At their spring conference in Perth last week, the Scottish Liberal Democrats endorsed plans to tackle the rising numbers of drug-related deaths in Scotland, with the use of drug consumption rooms and pill testing facilities. They also reaffirmed that drugs should treated as a health issue and called for new steps to educate people on drugs.
The motion was proposed by Ewan Hoyle, the Lib Dem representative for Glasgow South. He told the conference:
“As a party, we have taken great strides in promoting the cause of those in society suffering from poor mental health and done our best to break down the stigma suffered. Research consistently suggests that two thirds of problematic drug users are self-medicating survivors of emotional, physical, or sexual abuse. We cannot claim to be the party of mental health if we leave drug users suffering in the shadows.”
Then, this weekend, at the national Liberal Democrat Spring Conference, party members overwhelmingly voted in favour of a motion that would decriminalise sex work. The motion also proposed that all previous convictions, that would be decriminalised under the new system, would be quashed, and that additional support should be given to people trying to leave sex work.
This shows that political parties are starting to move forward on the issue of harm reduction, instead of just leaving the matter for the police to deal with. There are similar harm reduction arguments for the legalisation of sex work and drugs and it seems that the Liberal Democrats can see that criminalisation has not succeeded in reducing harm in these areas.
At the national Liberal Democrat conference, there was also a motion that addressed the overcrowding in the prison system. The party called for a drastic overhaul in sentencing with the aim to reduce the prison population and increase number of prison staff, which has been slashed by the conservative government. They also agreed that there should be a focus on rehabilitation, including education and training opportunities in the prison and probation services, to improve job prospects for those leaving prison.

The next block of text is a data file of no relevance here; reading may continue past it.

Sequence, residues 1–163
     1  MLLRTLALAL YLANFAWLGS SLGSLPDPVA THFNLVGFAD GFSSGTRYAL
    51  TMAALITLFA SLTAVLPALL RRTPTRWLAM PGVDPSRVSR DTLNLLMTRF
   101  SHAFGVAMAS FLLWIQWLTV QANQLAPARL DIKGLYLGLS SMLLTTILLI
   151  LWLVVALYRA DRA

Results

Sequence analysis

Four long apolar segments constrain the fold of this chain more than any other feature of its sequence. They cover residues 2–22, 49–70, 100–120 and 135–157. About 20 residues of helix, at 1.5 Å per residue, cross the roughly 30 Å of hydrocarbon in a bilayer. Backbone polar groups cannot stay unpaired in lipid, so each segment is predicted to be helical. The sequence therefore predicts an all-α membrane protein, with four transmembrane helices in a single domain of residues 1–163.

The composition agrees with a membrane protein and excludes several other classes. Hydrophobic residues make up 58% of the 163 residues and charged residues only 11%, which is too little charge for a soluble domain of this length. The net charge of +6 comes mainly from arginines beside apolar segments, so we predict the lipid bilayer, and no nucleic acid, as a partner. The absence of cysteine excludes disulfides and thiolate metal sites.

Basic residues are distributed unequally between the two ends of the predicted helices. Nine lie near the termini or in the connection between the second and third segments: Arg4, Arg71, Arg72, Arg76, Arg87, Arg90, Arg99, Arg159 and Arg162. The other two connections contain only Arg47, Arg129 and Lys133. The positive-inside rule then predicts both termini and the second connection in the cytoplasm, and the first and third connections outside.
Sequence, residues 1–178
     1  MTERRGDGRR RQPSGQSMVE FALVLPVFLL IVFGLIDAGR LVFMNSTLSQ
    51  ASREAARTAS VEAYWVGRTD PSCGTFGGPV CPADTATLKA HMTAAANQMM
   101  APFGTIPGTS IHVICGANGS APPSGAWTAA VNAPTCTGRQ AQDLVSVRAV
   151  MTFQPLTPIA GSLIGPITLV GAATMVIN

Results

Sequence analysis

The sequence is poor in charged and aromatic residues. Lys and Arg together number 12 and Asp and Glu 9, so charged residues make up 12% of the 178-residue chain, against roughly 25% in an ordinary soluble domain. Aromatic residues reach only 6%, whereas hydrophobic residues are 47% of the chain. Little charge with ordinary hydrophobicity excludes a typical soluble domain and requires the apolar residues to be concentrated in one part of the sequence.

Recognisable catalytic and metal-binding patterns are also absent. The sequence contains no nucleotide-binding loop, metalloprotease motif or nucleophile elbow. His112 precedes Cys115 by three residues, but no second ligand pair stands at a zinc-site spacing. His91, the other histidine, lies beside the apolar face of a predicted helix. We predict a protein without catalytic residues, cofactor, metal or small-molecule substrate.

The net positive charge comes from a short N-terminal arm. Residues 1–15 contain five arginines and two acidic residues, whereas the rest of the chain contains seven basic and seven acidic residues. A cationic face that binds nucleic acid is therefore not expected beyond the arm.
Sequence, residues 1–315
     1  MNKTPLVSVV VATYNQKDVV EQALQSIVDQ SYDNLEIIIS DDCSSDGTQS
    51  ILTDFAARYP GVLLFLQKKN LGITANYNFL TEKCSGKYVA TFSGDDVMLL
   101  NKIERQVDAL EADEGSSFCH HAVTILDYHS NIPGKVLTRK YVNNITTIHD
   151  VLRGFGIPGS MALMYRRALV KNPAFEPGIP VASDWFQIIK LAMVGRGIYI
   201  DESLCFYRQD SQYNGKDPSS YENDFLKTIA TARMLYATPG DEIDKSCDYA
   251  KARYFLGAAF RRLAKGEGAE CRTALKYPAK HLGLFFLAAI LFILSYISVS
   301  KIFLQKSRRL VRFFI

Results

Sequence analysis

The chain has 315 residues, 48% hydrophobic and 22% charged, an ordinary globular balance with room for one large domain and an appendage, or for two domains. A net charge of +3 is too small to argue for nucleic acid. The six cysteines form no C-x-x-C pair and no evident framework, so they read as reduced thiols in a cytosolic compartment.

As reported in The Independent, there was a speaker in the debate who called for decriminatlisation of personal possession of drugs, in order to free up space in prisons. However, the numbers of people imprisoned for drug possession are fairly low, so this would not do much to help the situation of overcrowding in prisons. Besides, there are far better reasons for changes to drug policy than to simply argue that we do not have room in prison for offenders.
However, it is always encouraging to see a mainstream political party taking interest in these issues and the passing of these motions demonstrates that the Liberal Democrats are taking a rational approach to harm reduction.
Words by Abbie Llewelyn. Tweets @Abbiemunch